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Topics: Labor Unions

Examiner Editorial: Obama's tangled regulatory web angers unions, trade associations

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Opinion,Editorial,Labor unions,Obamacare,Health Care,IRS,Freedom of Speech,Washington Examiner

Remember the maxim parents teach children about lying: “What a tangled web we weave when we practice to deceive.” Tell one lie and it soon must be followed by another, then another to cover for the fIRSt falsehood. Similarly tangled webs are woven every day in government: Officials set out to regulate one thing and soon find themselves thinking they must regulate more, often unexpected, things because of the precedent established by the original regulation. President Obama and his appointees are weaving multiple tangled regulatory webs, but two of them stand out at the moment.

First, labor unions vigorously backed Obamacare in 2009 and 2010. Many unions also received temporary exemptions from various provisions of Obamacare after it became law. But sooner or later, the exemptions must end and the law take full effect. So unions are now up in arms, having learned the hollow truth about Obama's promises that people could keep the health insurance plans and doctors they like. Most of the unions offer health insurance plans that they fear they won't be able to continue under Obamacare. Dropping those plans will force millions of unions members and retirees into Obamacare and put them at the risk of losing many of their doctors and other health care providers.

In other words, millions of dependable Democrat voters in unions may stay at home on election day 2014.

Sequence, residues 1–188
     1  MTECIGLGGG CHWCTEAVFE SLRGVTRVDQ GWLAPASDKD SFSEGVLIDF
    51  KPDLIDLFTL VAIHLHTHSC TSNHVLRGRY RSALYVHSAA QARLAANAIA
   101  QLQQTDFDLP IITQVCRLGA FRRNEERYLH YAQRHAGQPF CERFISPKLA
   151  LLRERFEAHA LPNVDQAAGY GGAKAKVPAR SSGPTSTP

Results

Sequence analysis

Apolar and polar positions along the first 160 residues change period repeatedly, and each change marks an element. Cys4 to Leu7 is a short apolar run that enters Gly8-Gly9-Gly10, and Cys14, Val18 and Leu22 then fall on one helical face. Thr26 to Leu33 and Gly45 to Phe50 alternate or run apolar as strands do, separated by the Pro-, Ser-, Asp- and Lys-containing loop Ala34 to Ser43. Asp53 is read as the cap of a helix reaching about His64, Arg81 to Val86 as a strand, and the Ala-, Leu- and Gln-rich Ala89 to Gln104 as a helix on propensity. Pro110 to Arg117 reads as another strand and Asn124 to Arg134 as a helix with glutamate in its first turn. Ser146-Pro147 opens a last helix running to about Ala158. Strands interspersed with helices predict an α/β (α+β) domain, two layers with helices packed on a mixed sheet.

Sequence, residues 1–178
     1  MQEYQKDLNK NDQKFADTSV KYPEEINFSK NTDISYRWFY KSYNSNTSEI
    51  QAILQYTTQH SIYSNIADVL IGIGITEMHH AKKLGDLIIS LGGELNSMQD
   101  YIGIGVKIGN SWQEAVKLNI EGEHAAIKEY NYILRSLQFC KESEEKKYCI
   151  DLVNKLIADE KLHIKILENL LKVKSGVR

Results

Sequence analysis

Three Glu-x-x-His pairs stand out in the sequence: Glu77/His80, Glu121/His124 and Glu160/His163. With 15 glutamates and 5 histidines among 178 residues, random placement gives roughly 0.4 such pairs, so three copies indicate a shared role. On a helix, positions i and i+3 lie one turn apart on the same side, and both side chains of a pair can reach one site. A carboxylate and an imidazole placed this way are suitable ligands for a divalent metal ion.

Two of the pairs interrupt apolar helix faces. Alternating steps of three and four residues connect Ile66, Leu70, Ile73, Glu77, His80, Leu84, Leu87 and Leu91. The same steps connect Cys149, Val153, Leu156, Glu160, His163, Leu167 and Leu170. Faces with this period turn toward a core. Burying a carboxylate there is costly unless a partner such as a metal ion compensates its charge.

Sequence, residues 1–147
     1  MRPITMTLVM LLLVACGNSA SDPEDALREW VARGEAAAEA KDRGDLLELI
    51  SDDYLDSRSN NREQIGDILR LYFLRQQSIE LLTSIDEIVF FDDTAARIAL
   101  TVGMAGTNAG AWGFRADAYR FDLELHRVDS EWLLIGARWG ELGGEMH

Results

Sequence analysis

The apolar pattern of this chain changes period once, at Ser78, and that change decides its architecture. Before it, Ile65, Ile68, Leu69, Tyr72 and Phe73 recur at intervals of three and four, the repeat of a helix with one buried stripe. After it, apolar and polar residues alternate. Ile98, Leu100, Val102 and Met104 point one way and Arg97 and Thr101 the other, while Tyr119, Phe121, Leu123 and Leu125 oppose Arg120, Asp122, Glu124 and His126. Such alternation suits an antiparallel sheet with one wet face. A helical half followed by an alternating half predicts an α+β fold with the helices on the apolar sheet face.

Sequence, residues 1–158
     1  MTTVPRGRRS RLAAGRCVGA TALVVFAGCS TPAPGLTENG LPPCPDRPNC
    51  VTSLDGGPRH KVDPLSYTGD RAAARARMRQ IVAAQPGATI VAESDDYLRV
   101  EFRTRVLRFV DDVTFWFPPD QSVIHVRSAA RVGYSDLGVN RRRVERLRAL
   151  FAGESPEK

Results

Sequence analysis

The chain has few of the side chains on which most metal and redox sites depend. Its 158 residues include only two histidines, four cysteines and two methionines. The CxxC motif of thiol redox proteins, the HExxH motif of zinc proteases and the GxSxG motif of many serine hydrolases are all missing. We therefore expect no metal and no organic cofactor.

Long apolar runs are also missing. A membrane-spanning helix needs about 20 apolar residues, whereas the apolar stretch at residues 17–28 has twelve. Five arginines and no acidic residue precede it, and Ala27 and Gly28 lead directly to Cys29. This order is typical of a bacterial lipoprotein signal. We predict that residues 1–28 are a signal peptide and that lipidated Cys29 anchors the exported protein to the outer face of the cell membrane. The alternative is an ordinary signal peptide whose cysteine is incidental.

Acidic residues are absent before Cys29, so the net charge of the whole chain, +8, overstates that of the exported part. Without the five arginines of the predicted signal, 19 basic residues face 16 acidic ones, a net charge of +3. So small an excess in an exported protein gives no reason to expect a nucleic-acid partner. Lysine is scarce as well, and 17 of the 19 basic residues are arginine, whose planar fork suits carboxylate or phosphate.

No wonder union leaders are angry. In a brutal post last week on Huffington Post, D. Taylor, head of the powerful UNITE HERE union, warned, “Our members like their plans, period. They want to keep them, period.” And in a declaration that likely shocked Democratic campaign strategists, Taylor told the Las Vegas Review-Journal, "It's almost impossible to get excited for any election with the loss of our health plans looming over us and no fix in sight.” Similarly, Danny Thompson, executive secretary treasurer of the Nevada State AFL-CIO, said, “Union members have serious concerns with how [Obamacare] will affect their plans. We have to prioritize. Workers will make the decision about elections. I can't imagine the threat to their health plans won't be a factor.” In other words, millions of dependable Democrat voters in unions may stay at home on Election Day 2014.

Then there is the IRS scandal. It was bad enough that the tax agency targeted hundreds of Tea Party, conservative and evangelical groups applying for nonprofit status during the 2010 and 2012 campaigns. Then, when the IRS made public last November a proposed regulation that would effectively end all nonprofit activities with even remote connections to politics, there was an aside that similar rules could be in the offing for labor unions and trade associations. That aside gave unions yet another reason to be angry with Obama, and it also put trade associations, which are among the most politically active groups in the country, on notice.

As the Washington Post reported Sunday, at least one campaign finance lawyer is telling clients they better “pay attention to this. It's potentially catastrophic.” That's especially true with political speech and health care. That's why the Constitution tells Congress to butt out of the former and says nothing about federal bureaucrats controlling the latter.

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